While Grant Burge has a great winemaking heritage behind him, he became a pioneer of modern Australian winemaking in his own right, helping to forge the worldwide reputation of the Barossa Valley.
Grant Burge always knew he was going to be a winemaker. “I’m honoured to be a fifth generation member of a great winemaking and grape growing dynasty,” he says.
Burge’s ancestors settled in the Barossa Valley, South Australia, in 1855 when John Burge – a tailor from Wiltshire, England – migrated to the region with his wife Eliza and their two sons. “John worked as a winemaker at Hillside Vineyards and his love of viticulture was passed on to his son Meschach, who continued the tradition,” explains Burge. Meschach, who made his first wine in 1865, became a prominent local leader, and his son Percival, one of eight children, established the Wilsford Winery near Lyndoch in 1928.
Burge grew up helping his father Colin and grandfather Percival make wine, so it was only natural that he would become a winemaker; Burge created the Meschach Shiraz, now the flagship of Grant Burge Wine, in honour of his pioneering ancestor.But while Burge has carried on the family tradition he has also helped to develop the modern Barossa Valley wine industry.
After learning winemaking, Burge teamed up with winemaking partner Ian Wilson. In 1972, aged just 26, he and Wilson bought a run-down Barossa winery called Krondorf. In only a decade, they transformed Krondorf into a winery whose wines were some of the most anticipated upon release, and which won multiple awards, including the Jimmy Watson Trophy, Australia’s highest award.
Krondorf attracted so much attention that Mildara Blass, which later became part of Foster’s (now Treasury), bought the winery in a hostile takeover in 1986. Undaunted, Grant and his wife Helen founded Grant Burge Wines in 1988.
The early 1980s was such a difficult time in the Barossa that the government of the day paid growers to pull out vines and leave the land vacant, rather than produce unwanted grapes. Unfortunately, some of the uprooted vines included pre-phylloxera vines. Alarmed, a small group of local winemakers that included Grant Burge, set out to save the vines by creating wines made from old vine material, to showcase what the vines could do. Not only did they save many vines, but the old vine wines helped to propel Australia’s dramatic wine export boom of the 1990s and 2000s.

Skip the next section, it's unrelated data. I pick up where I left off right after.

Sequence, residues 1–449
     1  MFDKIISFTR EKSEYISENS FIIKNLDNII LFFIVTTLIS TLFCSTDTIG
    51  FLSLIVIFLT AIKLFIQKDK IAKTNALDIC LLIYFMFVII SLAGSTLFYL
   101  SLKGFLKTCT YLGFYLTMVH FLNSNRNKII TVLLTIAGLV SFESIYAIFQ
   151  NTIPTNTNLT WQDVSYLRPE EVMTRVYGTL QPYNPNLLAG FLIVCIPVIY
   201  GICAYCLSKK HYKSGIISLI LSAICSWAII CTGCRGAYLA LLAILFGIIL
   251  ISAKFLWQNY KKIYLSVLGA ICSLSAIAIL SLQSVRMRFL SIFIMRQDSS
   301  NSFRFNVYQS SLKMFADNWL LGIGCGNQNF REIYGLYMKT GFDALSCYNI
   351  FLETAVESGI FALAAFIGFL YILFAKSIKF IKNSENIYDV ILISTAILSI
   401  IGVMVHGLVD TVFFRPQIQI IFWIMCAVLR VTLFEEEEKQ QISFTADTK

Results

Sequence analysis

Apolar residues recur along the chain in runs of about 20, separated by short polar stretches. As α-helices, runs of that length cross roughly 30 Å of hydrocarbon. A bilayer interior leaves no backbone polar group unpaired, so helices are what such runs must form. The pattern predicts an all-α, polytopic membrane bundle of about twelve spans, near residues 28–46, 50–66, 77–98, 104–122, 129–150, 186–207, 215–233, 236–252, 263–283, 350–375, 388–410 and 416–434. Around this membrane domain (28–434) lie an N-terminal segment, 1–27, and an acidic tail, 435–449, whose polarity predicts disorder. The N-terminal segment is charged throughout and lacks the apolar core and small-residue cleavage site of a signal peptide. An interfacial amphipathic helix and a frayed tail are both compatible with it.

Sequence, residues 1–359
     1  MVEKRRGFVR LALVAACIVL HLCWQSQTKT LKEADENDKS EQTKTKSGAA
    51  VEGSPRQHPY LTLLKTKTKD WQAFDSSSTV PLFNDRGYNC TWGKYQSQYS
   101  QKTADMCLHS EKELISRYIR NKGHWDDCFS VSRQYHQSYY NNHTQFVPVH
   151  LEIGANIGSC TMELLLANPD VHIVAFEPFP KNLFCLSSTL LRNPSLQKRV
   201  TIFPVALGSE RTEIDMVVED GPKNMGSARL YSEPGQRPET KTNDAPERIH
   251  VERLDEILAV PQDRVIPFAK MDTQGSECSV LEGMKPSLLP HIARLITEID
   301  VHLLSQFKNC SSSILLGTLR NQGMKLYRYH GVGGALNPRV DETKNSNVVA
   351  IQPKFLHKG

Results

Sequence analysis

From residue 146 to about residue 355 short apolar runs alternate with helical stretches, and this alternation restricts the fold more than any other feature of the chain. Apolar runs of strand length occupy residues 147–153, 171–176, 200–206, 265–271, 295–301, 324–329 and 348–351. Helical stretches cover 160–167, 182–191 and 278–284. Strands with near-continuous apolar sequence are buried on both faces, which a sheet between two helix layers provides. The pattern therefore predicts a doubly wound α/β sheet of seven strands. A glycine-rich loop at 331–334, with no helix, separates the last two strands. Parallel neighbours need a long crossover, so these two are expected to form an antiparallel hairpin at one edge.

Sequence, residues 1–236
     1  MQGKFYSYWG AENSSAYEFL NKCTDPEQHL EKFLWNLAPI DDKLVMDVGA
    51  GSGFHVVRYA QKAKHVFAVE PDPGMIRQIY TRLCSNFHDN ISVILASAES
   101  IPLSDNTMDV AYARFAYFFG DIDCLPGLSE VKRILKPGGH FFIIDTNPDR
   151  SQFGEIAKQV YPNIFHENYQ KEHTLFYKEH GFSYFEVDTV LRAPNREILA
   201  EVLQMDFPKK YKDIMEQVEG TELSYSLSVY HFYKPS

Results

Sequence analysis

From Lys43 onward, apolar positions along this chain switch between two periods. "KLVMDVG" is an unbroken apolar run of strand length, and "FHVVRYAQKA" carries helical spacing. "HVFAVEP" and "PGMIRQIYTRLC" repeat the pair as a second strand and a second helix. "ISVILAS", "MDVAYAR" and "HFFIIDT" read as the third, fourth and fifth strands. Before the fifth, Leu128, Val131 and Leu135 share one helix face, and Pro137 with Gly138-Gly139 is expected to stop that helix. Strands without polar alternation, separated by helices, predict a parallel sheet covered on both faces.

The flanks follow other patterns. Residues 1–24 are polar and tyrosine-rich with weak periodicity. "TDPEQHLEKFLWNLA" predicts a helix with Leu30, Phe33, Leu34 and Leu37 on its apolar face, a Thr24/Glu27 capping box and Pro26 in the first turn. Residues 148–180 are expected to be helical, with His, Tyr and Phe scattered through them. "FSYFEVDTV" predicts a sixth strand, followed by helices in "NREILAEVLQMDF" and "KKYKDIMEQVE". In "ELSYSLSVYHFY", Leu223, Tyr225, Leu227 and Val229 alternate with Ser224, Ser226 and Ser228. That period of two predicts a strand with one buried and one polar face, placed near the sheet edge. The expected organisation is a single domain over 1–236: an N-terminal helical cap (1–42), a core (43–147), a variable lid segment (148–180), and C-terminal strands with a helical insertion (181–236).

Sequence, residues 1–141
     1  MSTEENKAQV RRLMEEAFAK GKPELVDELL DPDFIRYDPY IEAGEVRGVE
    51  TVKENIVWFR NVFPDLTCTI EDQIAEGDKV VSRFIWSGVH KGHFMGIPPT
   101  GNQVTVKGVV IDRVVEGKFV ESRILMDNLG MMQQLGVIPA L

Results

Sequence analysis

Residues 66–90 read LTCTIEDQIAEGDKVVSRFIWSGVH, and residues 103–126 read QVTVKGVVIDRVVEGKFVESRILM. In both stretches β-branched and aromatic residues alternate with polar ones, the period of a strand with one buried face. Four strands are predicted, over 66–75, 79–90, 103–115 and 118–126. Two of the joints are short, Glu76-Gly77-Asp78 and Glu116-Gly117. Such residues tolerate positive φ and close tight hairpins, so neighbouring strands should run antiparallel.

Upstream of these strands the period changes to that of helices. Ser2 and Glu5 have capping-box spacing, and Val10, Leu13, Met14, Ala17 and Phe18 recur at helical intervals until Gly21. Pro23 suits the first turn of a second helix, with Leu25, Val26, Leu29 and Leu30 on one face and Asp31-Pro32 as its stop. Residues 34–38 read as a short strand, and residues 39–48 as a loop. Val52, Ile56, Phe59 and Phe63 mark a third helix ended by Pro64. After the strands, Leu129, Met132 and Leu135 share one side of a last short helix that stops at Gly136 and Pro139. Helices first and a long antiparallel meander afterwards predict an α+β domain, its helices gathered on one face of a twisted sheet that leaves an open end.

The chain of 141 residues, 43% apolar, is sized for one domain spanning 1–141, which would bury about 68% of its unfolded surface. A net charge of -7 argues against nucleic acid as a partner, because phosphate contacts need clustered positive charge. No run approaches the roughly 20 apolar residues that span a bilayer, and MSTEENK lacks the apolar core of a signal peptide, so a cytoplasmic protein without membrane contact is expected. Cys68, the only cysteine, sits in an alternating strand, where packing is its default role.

Burge also bought top-quality vineyards as they became available, making him the largest individual vineyard owner in the Barossa Valley. He also acquired the historic Basedow winery at Tanunda, As he grew, the accolades, trophies and medals kept coming. In 1990 and 1997, respectively, Grant Burge and wife Helen, were made Barons of the Barossa. An invitation to the Barons of the Barossa, founded in 1974, is only extended to people who have made an outstanding contribution to the region. Membership is for life.
Then Burge enjoyed what might have been the sweetest triumph of all – in 2000, he bought back the Krondorf winery from Foster’s (now Treasury) though not the brand name. The winery is just 50 metres from his Barossa home, which apparently caused some problems for the family dog. “After Mildara bought the winery, I trained all the kids not to go in there,” he told the Australian media at the time, adding that when the family finally returned, “my dog looked at me rather intently. I could tell he was thinking that we weren’t supposed to be going inside!”
Today, the old Krondorf winery (named Grant Burge @ Krondorf ) is used for making whites, while the Tanunda winery produces the reds. While Burge continues to make a major contribution to the region – most recently founding the Colin Burge Vineyard Sustainability Project – his reputation has ultimately been made by the quality of his wines. These include iconic old vine Shiraz, along with the Holy Trinity Grenache Shiraz Mourvedre blend, which is so good that legend has it that the Archbishop of York blessed it.
Today, the wines are made by Grant and Craig Stansborough, who in 2014 was declared Winemaker of the Year by the Barons of the Barossa. Meanwhile, Helen Burge remains managing director, eldest son Toby is the company’s vineyard technical officer, youngest son Trent, part of winery operations and promotions and daughter Amelia is on the board.
When asked what he’s proudest of, Burge says “the numerous international awards, including winning the Decanter World Wine Awards Fortified Trophy for the 20 Year Old Tawny,” over several years, pointing out that it’s almost unheard of for a non-Portuguese producer to win such an award. Another point of pride is “seeing my children developing a passion for the business, industry and region like I have.” The family business is in good hands.
Grant Burge Wines Pty Ltd.